As a Christian, what is your faith built on? The easy answer, the one from the old Sunday school story, is “Jesus.” And that is certainly true, because there can be no Christians, no Christianity, without Christ.
But if we dig a little deeper, how is God at work in us through Jesus? That question came to my mind this morning when I read the blog of a friend of mine, Michael Manning, as he wrote about the importance of names to God and what they can signify concerning our identity in God.
In describing himself to the church at
Philippi, Paul wrote,
“circumcised on the eighth day, of the people of Israel, of the tribe of Benjamin, a Hebrew of Hebrews; as to the law, a Pharisee; as to zeal, a persecutor of the church; as to righteousness under the law, blameless.”
In Paul’s testimony he reports that in regard to his righteousness he is blameless. Paul believed, deep in his bones, that in his pre-Christian life as a Pharisee he was blameless in regard to the law. This means that he felt that because he was in conformity with the rules of the Jewish religious system he was okay with God. This is what we call “works righteousness” and it was one of several things that the Reformation sought to correct.
But we can’t “earn our way” to heaven. There is no way, absent the presence of Christ in our lives, in which any of our works are acceptable to God, no matter how good or noble, or even heroic they may seem to us at the time. Without God’s redemption through Christ everything we say and do is tainted by the stain of sin.
This is a truth that Paul learned clearly, as he told the Ephesians,
“And you were dead in the trespasses and sins in which you once walked, following the course of this world, following the prince of the power of the air, the spirit that is now at work in the sons of disobedience— among whom we all once lived in the passions of our flesh, carrying out the desires of the body and the mind, and were by nature children of wrath, like the rest of mankind.”
The key thing that Paul is pointing out here is that the Ephesians, and himself, and us today, were all spiritually dead when we didn’t have faith in God through Christ. The latter parts of the verses above suggest behavior that would universally be considered bad stuff, but the truth remained, and remains, that absent Christ, none of their works were truly good and neither are any of ours.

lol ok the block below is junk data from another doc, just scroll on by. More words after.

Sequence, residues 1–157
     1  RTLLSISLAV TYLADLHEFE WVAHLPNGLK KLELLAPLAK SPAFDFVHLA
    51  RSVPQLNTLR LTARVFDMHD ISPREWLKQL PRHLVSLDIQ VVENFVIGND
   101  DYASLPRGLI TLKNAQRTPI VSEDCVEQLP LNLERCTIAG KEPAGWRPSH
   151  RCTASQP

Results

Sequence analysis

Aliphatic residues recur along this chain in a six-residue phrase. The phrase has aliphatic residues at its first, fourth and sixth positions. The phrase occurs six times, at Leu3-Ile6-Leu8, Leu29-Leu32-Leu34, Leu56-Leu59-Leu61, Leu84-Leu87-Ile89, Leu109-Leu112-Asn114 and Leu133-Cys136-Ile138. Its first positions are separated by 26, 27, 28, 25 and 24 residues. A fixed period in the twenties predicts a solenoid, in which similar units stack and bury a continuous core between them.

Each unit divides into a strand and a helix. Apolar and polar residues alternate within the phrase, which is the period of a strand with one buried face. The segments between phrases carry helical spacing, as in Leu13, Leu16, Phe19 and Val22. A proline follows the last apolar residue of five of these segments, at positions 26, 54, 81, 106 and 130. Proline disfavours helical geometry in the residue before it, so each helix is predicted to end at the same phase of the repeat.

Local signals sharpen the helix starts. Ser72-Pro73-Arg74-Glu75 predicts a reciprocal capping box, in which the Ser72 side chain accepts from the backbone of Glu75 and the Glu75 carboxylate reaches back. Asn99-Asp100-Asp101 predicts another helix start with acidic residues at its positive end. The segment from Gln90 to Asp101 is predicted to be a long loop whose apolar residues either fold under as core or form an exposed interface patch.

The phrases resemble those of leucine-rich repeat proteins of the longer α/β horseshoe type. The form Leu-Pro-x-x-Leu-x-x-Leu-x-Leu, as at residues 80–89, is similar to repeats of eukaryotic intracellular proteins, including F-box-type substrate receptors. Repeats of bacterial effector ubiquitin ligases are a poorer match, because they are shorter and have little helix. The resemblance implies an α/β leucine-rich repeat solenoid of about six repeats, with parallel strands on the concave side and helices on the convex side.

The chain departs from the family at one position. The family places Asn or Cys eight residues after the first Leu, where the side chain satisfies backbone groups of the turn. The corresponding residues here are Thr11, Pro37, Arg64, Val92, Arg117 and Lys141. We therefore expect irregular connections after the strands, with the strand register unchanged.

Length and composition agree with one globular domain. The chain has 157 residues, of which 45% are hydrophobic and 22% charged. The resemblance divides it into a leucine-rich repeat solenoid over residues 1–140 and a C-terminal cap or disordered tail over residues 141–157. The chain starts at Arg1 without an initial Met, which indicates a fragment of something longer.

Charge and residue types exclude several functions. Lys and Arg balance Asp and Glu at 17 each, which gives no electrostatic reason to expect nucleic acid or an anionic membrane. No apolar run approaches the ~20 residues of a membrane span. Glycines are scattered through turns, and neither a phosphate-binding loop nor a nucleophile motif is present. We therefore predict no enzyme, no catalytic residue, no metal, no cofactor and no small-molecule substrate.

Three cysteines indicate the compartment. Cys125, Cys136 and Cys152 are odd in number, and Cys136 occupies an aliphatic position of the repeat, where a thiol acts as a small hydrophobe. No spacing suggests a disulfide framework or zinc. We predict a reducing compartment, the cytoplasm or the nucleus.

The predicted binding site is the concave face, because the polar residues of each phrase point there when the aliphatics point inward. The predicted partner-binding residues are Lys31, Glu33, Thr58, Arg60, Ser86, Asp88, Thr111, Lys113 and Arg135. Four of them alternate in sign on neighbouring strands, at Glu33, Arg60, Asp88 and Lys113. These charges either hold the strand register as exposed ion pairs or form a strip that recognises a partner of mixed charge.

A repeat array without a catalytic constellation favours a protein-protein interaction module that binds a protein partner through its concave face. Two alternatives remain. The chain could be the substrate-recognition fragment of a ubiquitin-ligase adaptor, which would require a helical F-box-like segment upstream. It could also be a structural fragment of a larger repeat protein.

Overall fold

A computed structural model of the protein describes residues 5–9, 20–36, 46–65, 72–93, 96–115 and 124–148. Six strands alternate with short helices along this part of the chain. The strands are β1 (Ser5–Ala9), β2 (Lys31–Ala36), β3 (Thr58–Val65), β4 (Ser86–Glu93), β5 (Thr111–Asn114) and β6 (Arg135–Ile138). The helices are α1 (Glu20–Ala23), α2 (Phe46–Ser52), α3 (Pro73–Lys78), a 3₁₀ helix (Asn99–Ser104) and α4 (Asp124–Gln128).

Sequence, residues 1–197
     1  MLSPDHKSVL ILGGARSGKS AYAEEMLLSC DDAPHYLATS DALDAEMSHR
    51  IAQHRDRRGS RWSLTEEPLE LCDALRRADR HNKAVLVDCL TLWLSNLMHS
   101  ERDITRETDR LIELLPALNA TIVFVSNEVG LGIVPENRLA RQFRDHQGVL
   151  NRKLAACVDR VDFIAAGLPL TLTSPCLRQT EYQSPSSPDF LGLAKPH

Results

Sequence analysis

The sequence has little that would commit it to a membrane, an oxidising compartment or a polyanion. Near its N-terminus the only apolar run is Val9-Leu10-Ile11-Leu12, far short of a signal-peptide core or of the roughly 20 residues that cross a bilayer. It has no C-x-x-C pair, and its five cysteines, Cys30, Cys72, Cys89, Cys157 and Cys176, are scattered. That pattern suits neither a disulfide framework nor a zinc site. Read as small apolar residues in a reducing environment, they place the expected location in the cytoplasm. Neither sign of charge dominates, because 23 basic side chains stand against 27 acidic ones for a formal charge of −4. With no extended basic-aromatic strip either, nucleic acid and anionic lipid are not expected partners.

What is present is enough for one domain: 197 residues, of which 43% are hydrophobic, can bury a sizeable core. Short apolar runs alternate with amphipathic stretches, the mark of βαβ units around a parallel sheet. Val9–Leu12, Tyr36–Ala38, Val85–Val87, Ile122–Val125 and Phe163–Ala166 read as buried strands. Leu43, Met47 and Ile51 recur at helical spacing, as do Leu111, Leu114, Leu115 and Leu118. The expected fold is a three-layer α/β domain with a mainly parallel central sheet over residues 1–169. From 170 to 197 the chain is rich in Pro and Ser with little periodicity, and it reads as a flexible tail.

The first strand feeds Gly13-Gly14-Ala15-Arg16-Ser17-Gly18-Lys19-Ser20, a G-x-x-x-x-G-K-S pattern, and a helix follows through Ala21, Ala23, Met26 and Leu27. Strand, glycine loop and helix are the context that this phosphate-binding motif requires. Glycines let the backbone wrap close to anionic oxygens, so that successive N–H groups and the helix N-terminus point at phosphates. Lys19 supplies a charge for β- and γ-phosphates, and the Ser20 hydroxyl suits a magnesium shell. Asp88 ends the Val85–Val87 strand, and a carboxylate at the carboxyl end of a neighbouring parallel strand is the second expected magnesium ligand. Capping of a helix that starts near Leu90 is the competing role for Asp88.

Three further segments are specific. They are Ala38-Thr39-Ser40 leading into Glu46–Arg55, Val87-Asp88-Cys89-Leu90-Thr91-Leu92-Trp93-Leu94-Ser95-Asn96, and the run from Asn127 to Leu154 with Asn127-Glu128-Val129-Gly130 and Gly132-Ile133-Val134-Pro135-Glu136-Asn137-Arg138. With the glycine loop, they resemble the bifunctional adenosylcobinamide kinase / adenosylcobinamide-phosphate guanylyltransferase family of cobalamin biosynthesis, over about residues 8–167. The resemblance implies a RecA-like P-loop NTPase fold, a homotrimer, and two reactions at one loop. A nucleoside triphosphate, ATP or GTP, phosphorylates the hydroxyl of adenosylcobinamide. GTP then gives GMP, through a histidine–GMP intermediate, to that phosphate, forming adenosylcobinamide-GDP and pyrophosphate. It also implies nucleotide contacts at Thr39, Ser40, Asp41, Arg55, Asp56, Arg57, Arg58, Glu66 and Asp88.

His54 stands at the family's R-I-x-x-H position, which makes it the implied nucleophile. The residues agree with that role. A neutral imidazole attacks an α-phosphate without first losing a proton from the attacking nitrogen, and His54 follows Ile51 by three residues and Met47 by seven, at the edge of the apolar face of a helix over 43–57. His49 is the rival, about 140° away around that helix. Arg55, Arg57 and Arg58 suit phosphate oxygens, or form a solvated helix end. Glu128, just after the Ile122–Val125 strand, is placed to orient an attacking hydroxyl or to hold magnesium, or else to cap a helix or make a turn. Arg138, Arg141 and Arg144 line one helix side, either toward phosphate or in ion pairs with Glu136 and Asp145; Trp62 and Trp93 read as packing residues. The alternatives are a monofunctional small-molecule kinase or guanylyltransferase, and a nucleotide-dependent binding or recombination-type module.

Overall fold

Having established the fact of spiritual death Paul then shows us the response that God would chose to make, for the Ephesians, and for all of his people throughout history. He writes,
“But God, being rich in mercy, because of the great love with which he loved us, even when we were dead in our trespasses, made us alive together with Christ—by grace you have been saved— and raised us up with him and seated us with him in the heavenly places in Christ Jesus, so that in the coming ages he might show the immeasurable riches of his grace in kindness toward us in Christ Jesus.”
“When we were dead” God, who is “rich in mercy,” “made us alive together with Christ.” We often call the Gospel the “Good News” and here in microcosm is the very best news. While we were spiritually dead and unable to act on our own in any way, God, through reasons that are beyond understanding, or at least fully beyond my own understanding, acted to give us life in Christ.
This, then, is the foundation, the bedrock of our faith. Not our works, as good as we may think they are. Not simply “Jesus,” although certainly with Jesus. Our foundation is that God chose to act where it was impossible for us to act, replacing spiritual death with spiritual, and eternal, life.
There are many places in life where our standing is based on what we have done. They may be our places of work, our families, or our social activities, we are often measured according to some standard, be it explicit or implicit. Thanks be to God that our standing before him is based solely on what he has done, claiming us as his own daughters and sons in Christ. God’s action to save us is the firmest foundation we could ever know.